George Harrison Said His Initial Inspiration for a Lyric Usually ‘Metamorphosed’ by the End of the Song

George Harrison had tons of inspiration whenever he went to write a song. Whether it was his spirituality (“My Sweet Lord“), race car buddies (“Faster”), or even something as simple as a phrase on a cardboard box (The Traveling Wilburys’ “Handle With Care”), both the material and spiritual worlds gave George ideas constantly.

However, it didn’t matter what inspiration George had going into writing a song most of the time. It usually morphed into something else by the time he finished the tune.

George Harrison playing guitar at Twickenham Film Studios while filming 'A Hard Day's Night' in 1964.
George Harrison | Max Scheler – K & K/Redferns

George Harrison struggled to find words to describe what he wanted to say in the lyrics of a song

In her introduction to the 2017 reissue of George’s memoir, I Me Mine, George’s wife, Olivia, wrote that her husband’s lyrics were the “most spiritually conscious of our time.” Still, George often had a hard time finding the right words to say.

It was as if there were no words on Earth that could describe what he wanted to say in his songs. Other times, George only added certain lyrics or words simply to help him rhyme.

“For me the essence of this book is the lyrics and I believe they stand the test of time because they are written about man’s eternal quest, dilemmas, joys and sorrows,” Olivia wrote. “George’s lyrics were, in my opinion, the most spiritually conscious of our time, although George, in turn, usually referred to the lyrics of Bob Dylan when trying to make a point or elucidate his own feelings of isolation and frustration brought about by things in and beyond this life.

“Many times he said, ‘I wish I knew more words,’ but perhaps all the words in the world, including the Sanskirt and mantras integral to his vocabulary, could not fully express his depth of feeling and realisation.

“George didn’t give much away when explaining his lyrics. Wasn’t it enough that he laid his emotions and thoughts on the line for everyone to hear? I finally stopped asking George what his songs were about because his answers never seemed to satisfy my questions. ‘Liv, I just needed something to rhyme with ‘love,’ so I used ‘glove.'”

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George’s initial inspiration for a lyric changed by the time he finished a song

Often, during the songwriting process, George’s initial inspiration would morph into something else by the time he finished the song.

“We relate music and words to our own personal life experience, but some of George’s songs are truly revealed only through a deeper realisation of meaning and by allowing the melody, the lyrics, intonation and phrasing to seep in to tell the story, unfiltered by our own interpretations,” Olivia continued.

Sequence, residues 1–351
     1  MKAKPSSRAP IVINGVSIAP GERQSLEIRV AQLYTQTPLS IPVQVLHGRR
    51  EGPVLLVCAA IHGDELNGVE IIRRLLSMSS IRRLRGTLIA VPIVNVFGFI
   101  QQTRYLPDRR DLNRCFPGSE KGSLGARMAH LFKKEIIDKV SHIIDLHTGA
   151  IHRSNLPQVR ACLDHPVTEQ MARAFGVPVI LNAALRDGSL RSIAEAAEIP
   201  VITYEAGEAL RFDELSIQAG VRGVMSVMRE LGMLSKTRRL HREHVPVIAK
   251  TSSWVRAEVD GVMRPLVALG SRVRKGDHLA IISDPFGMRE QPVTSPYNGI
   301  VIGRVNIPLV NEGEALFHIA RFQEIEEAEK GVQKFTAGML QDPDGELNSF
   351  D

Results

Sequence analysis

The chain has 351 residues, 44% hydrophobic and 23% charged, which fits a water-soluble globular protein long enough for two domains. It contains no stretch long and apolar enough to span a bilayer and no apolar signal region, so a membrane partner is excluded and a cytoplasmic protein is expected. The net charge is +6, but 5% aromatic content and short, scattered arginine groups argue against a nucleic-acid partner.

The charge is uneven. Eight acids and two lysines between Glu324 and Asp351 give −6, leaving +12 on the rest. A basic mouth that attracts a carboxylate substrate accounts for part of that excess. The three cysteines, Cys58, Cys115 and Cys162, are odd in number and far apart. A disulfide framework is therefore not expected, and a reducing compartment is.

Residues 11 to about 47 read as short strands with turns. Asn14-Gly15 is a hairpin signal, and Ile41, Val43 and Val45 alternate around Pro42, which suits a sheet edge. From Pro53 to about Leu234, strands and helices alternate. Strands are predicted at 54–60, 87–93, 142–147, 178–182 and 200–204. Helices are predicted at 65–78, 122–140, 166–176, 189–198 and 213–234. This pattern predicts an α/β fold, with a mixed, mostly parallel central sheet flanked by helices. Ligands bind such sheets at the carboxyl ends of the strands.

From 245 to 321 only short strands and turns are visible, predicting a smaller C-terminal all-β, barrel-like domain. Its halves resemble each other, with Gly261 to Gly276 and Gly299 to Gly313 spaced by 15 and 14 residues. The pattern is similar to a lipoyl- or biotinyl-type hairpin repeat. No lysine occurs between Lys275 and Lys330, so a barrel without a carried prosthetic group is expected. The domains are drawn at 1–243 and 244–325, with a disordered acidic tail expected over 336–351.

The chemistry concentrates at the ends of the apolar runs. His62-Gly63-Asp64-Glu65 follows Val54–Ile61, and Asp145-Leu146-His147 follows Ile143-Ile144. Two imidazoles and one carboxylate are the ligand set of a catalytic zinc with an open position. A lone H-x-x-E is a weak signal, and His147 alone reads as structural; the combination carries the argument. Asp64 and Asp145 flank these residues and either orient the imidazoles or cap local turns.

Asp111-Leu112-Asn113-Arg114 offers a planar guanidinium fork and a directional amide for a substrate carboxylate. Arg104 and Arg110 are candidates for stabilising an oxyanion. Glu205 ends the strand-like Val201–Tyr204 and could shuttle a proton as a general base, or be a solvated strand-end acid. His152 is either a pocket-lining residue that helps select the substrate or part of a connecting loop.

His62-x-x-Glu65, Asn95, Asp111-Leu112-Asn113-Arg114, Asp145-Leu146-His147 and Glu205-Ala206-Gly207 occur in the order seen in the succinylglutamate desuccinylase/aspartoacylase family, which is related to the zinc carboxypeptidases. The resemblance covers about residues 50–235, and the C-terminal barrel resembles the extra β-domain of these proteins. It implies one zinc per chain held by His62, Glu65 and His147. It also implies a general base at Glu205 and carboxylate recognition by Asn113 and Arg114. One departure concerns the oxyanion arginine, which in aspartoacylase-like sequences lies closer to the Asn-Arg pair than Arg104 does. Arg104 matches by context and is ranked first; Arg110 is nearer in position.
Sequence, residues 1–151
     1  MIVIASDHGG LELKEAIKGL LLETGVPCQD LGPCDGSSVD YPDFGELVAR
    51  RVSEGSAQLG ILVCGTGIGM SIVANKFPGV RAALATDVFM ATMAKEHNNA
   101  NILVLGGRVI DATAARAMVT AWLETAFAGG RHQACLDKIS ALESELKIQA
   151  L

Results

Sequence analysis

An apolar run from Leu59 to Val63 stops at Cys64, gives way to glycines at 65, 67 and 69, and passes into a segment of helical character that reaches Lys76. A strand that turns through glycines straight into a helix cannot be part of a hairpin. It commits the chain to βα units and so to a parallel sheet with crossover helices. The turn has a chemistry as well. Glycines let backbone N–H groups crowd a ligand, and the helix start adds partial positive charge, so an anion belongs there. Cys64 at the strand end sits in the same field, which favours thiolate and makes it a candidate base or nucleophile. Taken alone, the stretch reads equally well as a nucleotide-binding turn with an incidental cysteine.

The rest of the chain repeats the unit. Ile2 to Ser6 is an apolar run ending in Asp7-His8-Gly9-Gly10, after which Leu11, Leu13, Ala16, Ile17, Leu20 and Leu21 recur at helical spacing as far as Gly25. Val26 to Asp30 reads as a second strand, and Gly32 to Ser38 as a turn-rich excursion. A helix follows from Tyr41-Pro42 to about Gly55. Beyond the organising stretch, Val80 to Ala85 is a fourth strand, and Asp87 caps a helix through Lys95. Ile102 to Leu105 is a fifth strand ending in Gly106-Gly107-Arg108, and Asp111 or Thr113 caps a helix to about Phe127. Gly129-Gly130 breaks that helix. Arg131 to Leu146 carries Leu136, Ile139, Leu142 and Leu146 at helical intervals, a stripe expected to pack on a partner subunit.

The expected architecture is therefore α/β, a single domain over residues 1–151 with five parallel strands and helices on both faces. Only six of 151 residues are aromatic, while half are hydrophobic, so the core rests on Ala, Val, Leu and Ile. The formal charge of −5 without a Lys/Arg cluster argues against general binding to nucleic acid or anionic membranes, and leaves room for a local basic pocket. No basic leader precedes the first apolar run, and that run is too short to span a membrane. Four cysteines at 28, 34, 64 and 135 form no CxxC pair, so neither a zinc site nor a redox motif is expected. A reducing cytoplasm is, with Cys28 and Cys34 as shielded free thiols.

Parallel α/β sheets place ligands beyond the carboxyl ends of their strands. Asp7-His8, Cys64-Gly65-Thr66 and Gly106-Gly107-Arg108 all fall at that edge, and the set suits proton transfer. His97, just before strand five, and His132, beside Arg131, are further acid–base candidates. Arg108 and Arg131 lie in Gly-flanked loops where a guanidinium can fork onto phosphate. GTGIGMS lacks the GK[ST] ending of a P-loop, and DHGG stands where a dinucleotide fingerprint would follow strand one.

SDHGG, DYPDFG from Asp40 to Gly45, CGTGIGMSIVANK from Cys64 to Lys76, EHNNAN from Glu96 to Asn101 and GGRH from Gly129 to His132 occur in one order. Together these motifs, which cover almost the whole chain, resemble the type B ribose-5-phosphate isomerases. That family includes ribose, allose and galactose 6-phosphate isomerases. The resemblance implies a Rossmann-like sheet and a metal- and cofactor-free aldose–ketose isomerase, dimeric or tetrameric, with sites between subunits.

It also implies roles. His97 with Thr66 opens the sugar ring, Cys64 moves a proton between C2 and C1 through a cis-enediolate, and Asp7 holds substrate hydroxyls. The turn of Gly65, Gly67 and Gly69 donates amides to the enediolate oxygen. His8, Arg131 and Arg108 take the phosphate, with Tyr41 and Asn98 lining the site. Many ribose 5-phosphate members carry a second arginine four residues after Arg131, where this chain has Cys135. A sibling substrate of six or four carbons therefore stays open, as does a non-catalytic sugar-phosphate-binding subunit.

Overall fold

“In the summer of 2001we were discussing his songwriting and he told me that whatever thought or theme inspired a lyric usually metamorphosed by the end of the song, sometimes before the pencil even reached the paper, as in ‘Your Love is Forever.'”

“He began that song by writing about the days we were first immersed in our love affair with Hawaii and each other but the love in the opening verse soon turned into Divine Love. George wrote, ‘My love belongs to who can see it’ and his songs belong to those who can really hear them.

“George’s lyrics often captivated us with one image and then led us to a loftier realm, transcending his initial inspiration.”

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Olivia loved watching the birth of a song

Whatever inspired George, and the list was endless, Olivia loved watching the birth of a song. She said it was a privilege watching an idea grow in George’s eyes and expand on paper.

“You could see the creative force of the muse at work,” Olivia explained. “George would be playing guitar, ukulele or piano and suddenly become intently focused as if she had tapped him on the shoulder to warn him it was coming.

“His head would tilt as if listening to something only he could hear and his hand moved as if it was finding its way to the next chords, like a divining rod finding water.

“I would be quiet and try not to interfere with the process, although on occasion I have heard myself on some tape blabbering in the background about what to cook for dinner.

“Oh, I could kick myself when listening to those tapes. George was so patient and concentrated. He just kept playing, whether dinner was happening or not.”

Olivia told Billboard that George didn’t enter a “trance-like state” during the songwriting process. It was more like a light bulb going off. Often, she would be her husband’s amanuensis. She’d write down lyrics or anything else he needed to remember as the creative juices flowed. “Most of the time he’d say go and grab the cassette recorder,” Olivia explained.

Still, whatever became of George’s songs, Olivia was just glad to watch it all unfold. Can you imagine getting to watch someone like George Harrison write a song?

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